Cofence Phishing Defence Center have discovered yet the latest of cybercriminals’ tricks: a phishing campaign that bypasses MFA. Different from other credential harvesting attacks, the scam attempts to trick users into granting permissions to an application that then proceeds to bypass multifactor authentication.
Leveraging the OAuth2 framework and OpenID Connect protocol, this campaign’s main goal is to steal user information to be used as leverage to extort a Bitcoin ransom.
Here’s cybersecurity experts’ advice and insight on this sophisticated scam:
Daniel Conrad, field strategist at One Identity
This is a very well-crafted phish as it “front ends” O365 with a malicious SharePoint site. When the user authenticates to O365 it grants this site access to the users data. It goes beyond the simple gaining of a user’s password and possibly moving laterally or elevating privilege. From an attacker’s perspective, this type of effort would be used for specific targets (aka “whaling”), where they would attempt to get specific account information from specific, high-level users. It’s a bit like a man-in-the-middle but for O365. Once authenticated, they would have access to anything stored on the O365 platform such as corporate email, contacts, OneDrive, etc., which they can take and hold for ransom or use maliciously.
As organisations train users on phishing and who is after their identities, attackers are learning as well. This attack underlines the importance of separating privileged credentials from standard user credentials. Any account with elevated permissions should not be “phishable”.
Tarik Saleh, senior security engineer and malware researcher at DomainTools
This kind of attack is definitely concerning, but not surprising. Cybercriminals are constantly looking for new and inventive ways to get around the increasingly complex defences deployed by enterprises, and by moderating a traditional phishing scam – hugely successful in their own right – to bypass multi-factor authentication, they have provided themselves with a template for cybercrime success.
The advice for organizations and employees is to remain vigilant to this new kind of threat, and to deploy training as regularly as possible to make sure individuals remain aware. Phishing is at its core an attack on people, and people remain the best defence against it, in addition to ensuring proper processes remain in place.
Jamie Akhtar, CEO and Co-Founder of CyberSmart
These scams are getting increasingly sophisticated in the ways that they masquerade as legitimate sources and while anti-phishing software can help stop many of them, others will always get through. The greatest defence when it comes to phishing threats is educating yourself and your employees on how to spot the signs of an attack.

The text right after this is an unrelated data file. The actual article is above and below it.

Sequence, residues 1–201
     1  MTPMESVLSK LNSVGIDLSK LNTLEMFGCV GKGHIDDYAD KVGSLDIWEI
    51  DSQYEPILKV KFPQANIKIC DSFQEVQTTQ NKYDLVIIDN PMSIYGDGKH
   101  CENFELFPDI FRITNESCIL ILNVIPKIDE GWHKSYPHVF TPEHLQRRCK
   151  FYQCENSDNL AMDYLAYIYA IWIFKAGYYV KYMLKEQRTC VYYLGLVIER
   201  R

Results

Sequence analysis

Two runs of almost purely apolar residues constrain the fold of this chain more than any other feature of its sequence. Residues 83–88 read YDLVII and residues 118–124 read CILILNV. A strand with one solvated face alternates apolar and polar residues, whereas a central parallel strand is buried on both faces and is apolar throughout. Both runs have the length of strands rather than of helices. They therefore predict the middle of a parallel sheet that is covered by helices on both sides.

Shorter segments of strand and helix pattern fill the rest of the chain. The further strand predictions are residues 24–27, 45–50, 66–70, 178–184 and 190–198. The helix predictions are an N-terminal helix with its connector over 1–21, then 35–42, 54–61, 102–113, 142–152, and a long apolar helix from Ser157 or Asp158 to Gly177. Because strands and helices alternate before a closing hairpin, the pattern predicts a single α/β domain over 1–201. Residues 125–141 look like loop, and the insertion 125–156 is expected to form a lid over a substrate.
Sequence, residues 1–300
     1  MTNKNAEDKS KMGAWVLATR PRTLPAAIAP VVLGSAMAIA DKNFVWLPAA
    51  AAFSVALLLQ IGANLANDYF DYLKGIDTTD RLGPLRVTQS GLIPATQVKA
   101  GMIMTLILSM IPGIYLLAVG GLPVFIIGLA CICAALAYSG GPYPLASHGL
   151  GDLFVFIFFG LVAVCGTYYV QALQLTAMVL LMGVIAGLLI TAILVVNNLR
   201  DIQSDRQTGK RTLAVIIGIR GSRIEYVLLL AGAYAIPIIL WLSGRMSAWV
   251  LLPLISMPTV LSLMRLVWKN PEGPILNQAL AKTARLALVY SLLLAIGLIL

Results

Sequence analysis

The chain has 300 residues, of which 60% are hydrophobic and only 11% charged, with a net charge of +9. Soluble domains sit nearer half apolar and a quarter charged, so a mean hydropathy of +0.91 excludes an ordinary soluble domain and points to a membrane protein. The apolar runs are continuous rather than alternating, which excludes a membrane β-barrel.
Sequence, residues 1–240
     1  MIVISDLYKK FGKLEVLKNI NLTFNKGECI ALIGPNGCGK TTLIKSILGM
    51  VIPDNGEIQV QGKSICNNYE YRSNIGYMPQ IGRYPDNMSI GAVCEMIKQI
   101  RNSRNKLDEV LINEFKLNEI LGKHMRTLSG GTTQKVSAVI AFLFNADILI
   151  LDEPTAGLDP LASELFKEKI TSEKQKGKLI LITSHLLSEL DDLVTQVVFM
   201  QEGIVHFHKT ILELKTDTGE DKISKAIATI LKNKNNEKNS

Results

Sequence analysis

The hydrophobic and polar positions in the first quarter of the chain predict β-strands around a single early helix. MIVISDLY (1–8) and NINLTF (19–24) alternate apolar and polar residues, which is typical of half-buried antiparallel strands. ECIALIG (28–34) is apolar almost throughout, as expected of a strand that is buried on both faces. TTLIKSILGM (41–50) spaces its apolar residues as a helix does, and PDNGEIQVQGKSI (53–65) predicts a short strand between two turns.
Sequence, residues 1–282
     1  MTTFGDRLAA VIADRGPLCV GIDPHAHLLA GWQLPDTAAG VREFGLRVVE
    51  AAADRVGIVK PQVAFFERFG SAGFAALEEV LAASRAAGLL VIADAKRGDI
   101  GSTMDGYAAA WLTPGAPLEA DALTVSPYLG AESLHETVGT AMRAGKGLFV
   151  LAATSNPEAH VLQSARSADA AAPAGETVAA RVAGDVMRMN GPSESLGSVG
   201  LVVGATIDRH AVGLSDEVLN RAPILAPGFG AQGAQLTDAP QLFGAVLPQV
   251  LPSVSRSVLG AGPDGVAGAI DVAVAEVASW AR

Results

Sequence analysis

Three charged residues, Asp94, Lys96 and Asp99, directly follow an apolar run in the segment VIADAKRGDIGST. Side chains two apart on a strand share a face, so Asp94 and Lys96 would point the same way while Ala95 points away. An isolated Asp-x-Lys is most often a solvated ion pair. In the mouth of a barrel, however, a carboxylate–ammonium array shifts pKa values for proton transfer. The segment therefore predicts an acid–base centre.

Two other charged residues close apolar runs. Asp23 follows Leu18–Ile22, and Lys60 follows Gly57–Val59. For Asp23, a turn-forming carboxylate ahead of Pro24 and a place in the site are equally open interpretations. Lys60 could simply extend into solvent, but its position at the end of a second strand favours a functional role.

People need to be on the lookout for spelling and grammatical errors, overpromising and eager messaging, pop-ups and urgent deadlines or calls to action. They should also look carefully at who the email is from. Phishing attempts often use the name of someone they know (a colleague or friend, for example) but with the wrong domain address. If the email contains a link, you should verify its SSL credentials and never give out personal information on a site that does not have a valid SSL certificate. If an employee or business realises they have been breached, they should immediately take action by changing their personal password and alerting employees in the rest of the company.
One of the aspects of phishing that makes it so tricky to defend against is that attackers are constantly adapting the tactics they are using to lure people in. Taking time to educate yourself and others on a regular basis on current phishing threats, is an important part of avoiding these attacks.
David Kennefick, product architect at edgescan
This is an advanced attack and some nice thinking outside the box from an attacker perspective.
So many organisation are reliant on supporting SSO solutions because of the simplicity. This attack vector is feeding off that. The reality is we are moving into a world where there are people who have known nothing other than SSO.
They use FB, Google and other technologies to manage all of their social, and from a work perspective the reply on corporate controls such as O365, Okta, Duo etc to handle all of the authentication in their working lives, all utilising technologies such as OAuth & SAML.
The main way to address this is to provide awareness to the folks who have accounts with permission that will allow this type of authorisation to happen. Stick with the minimum privileges rule and that will help, require double sign-off of hyper sensitive assets and their access. Train people that this is an attack vector and teach them how this will be used against them.